“We wanted to get two movie stars, pay them half a million apiece, and make the movie for $2 million,” he said. “Worst-case scenario, it makes $10 million and we’re a huge success. And they were just like, ‘That’s not our business.’”
Instead, the brothers hustled, networked, and forged their own system, creating an indie factory that produces several low-budget (but still lucrative) movies a year. Their eponymous production company, which they technically formed back in 1996, has developed into a part studio, part artistic collective, allowing them to finance small indies made by their friends and other filmmakers they admire.
By the end of this summer, the brothers’ 2015 output will include six movies, such as comedies like Adult Beginners, The Bronze, and The Overnight; dramas like 6 Years and Tangerine; and even the horror movie Creep (the brothers also debuted their new HBO series, Togetherness, this spring). And the brothers have reunited with Netflix — the company that gave them their first big break — for a series of films that will debut exclusively on the platform.
It’d be inspirational to see this approach as a conscious rebellion, and its success as a vindicating middle finger to the studio system that tried to reshape and use them. But the Duplass brothers aren’t so much ideologues or idealists as they are savvy, logical businessmen. “The average theatrical life for these movies is somewhere under 100 theaters, and it makes a few hundred thousand dollars, and everybody kind of loses a little bit of money when that happens, and everyone almost feels a little disappointed,” Mark Duplass told me earlier this summer. “You feel a little bit like a failure. Netflix is expanding into so many countries, and the concept of going day-and-date worldwide with the movie on Netflix, just slam it and every single piece of press hits all at one time, all around the world in one batch.”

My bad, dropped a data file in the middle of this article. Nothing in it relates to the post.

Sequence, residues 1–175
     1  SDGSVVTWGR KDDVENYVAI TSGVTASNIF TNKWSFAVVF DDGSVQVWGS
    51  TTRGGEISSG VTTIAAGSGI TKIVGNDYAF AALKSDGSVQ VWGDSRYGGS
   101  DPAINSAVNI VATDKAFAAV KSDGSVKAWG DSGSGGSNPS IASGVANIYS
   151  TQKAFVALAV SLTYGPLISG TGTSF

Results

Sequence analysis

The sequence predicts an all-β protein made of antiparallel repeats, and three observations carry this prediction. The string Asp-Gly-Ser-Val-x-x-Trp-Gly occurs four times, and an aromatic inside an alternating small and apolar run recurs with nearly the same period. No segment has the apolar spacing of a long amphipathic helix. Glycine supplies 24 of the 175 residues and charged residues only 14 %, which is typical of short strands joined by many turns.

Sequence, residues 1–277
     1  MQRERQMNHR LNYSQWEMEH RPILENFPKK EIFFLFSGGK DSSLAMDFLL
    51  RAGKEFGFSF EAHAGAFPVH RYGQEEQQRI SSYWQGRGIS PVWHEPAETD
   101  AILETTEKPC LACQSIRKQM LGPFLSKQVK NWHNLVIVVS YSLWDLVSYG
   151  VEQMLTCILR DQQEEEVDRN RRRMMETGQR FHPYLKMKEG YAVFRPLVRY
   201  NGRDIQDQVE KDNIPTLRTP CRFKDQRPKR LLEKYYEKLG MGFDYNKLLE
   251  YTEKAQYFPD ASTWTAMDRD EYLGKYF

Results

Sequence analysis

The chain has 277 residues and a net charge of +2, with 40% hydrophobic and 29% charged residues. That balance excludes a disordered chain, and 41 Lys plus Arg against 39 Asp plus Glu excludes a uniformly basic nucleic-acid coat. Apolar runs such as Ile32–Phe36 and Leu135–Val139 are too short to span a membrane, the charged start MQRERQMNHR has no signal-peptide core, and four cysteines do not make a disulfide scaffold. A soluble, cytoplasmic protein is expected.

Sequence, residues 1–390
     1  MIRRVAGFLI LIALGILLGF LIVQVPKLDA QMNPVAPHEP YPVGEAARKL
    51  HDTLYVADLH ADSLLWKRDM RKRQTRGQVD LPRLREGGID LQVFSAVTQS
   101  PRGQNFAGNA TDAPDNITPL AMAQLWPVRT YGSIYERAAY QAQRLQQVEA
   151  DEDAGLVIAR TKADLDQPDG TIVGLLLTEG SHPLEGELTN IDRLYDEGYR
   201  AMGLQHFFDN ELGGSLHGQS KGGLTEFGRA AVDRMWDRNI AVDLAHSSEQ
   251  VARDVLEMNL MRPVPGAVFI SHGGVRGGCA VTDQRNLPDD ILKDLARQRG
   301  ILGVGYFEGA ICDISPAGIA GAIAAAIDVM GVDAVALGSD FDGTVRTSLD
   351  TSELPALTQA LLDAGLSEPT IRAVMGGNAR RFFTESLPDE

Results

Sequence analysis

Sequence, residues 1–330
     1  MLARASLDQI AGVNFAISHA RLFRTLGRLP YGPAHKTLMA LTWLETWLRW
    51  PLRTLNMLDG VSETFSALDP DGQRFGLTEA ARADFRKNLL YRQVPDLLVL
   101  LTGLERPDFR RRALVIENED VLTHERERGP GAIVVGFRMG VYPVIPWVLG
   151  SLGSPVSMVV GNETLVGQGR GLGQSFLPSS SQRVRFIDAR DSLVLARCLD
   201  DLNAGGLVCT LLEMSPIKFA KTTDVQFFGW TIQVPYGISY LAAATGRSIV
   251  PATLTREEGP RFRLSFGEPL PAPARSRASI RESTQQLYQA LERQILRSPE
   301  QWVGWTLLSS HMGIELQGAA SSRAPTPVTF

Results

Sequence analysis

The road trip at the center of The Puffy Chair was a hellish experience: The titular recliner went up in flames; multiple tears were shed; once-tight relationships were nearly severed. The characters didn’t take the obvious path, but emerged victorious nonetheless – kind of like the Duplass brothers themselves. With The Puffy Chair, they were mapping out their future — and the future of moviemaking — without even realizing it.